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Category: Teaching and research
4 June 2021
Ruskin Modules give our students the chance to discuss issues linked to health, wellbeing and sustainability. Lecturer Victoria Tait blogs about developing one of the modules, and some of the challenges students might tackle.
“Historically, pandemics have forced humans to break with the past and imagine their world anew. This one is no different. It is a portal, a gateway between one world and the next. We can choose to walk through it, dragging the carcasses of our prejudice and hatred, our avarice, our data banks and dead ideas, our dead rivers and smoky skies behind us. Or we can walk through lightly, with little luggage, ready to imagine another world. And ready to fight for it.”
This is a quote from Indian activist and author, Arundhati Roy. Roy’s writings have always inspired me, but this quote felt particularly relevant in the context of ARU's Ruskin Modules.
We are facing a series of interconnected and complex challenges, and our current focus on siloed thinking and competition has so far proved inadequate in tackling those challenges.
Instead, the creation of sustainable futures for all requires us to think in new ways, focusing on collaboration and systemic connections across and between disciplines. These principles are at the heart of our Ruskin Modules.
Interdisciplinarity is central to the Ruskin Modules, but so too is the focus on real-world, authentic learning. This is where the UN Sustainable Development Goals (SDGs) come in.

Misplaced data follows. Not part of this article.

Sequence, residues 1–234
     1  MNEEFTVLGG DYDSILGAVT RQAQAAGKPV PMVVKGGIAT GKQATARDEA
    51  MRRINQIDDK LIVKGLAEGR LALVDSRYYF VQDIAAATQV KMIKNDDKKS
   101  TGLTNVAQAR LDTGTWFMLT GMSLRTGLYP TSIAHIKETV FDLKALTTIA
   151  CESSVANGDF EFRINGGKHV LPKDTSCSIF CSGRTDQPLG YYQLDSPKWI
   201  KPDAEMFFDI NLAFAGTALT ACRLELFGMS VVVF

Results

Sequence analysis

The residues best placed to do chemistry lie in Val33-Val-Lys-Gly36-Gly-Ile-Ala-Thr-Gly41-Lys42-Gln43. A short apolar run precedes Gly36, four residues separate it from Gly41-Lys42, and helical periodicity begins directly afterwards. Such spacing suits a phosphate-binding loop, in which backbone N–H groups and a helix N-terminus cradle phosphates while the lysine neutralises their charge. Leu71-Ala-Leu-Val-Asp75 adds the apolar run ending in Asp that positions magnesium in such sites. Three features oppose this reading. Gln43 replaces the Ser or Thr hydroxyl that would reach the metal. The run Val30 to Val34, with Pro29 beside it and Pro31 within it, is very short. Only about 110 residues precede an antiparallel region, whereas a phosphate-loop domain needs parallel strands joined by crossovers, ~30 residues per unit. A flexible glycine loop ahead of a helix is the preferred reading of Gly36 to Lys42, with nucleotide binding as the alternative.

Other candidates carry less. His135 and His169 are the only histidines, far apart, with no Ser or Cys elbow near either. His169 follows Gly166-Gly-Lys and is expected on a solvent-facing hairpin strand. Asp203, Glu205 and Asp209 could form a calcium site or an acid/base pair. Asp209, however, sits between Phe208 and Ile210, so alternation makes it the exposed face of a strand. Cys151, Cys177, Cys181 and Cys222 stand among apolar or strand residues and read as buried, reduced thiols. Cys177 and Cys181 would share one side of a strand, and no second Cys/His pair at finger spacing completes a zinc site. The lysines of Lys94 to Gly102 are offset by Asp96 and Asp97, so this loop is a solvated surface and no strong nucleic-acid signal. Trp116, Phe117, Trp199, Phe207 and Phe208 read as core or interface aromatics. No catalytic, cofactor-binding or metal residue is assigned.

The SDGs are 17 Goals that 193 countries around the world, including the UK, have pledged to achieve by 2030. The Goals represent the world’s biggest challenges and include issues such as Climate Action (SDG13) and Gender Equality (SDG5). Our Ruskin Modules are framed by the SDGs.
The Goals reflect the fact that we have more data and information about the world’s problems than at any point in human history. When ARU was developing the Ruskin Modules, I created a few mini ‘taster’ modules based on some of the global challenges we face. These supported colleagues to think about how their Ruskin Modules could be framed by the SDGs.
As an example: research shows that non-communicable diseases, such as diabetes, cancer, respiratory diseases, and heart disease, are the number one cause of death in the world. These diseases are influenced by lifestyle and environmental factors, including air pollution and obesity. In response to this, I created a taster module which takes as its starting point SDG 3 - Good Health and Wellbeing and asks, ‘Is prevention better than a cure?’.
Through participation in this hypothetical module:
The types of solutions that students come up with are likely to also have an impact on carbon emissions and biodiversity loss (SDG 13, 14, 15) given that agriculture is the most wide-spread cause of land-use change in the world.
By bringing together students from a variety of disciplines, the Ruskin Modules offer a unique opportunity to conceptualise the world’s problems and their solutions in new and creative ways, while also meaningfully preparing our students for the world of work.
ARU isn’t the only institution that is thinking about the SDGs. Companies and education providers around the world are already taking steps to integrate them into their practices.
One of the most prominent examples of this at a higher education level is the Times Higher Education Impact Rankings, which measures universities’ progress towards achieving the Goals. ARU entered the rankings for the first time in 2021 and our results reflect the amazing work happening across the institution, and particularly in relation to SDG 3 where we were ranked second out of all participating institutions in the UK, and 36th worldwide.
Ruskin Modules are incorporated into most of our undergraduate degrees, along with opportunities to work on live briefs with industry, and take a placement year. Read more about employability and career support at ARU.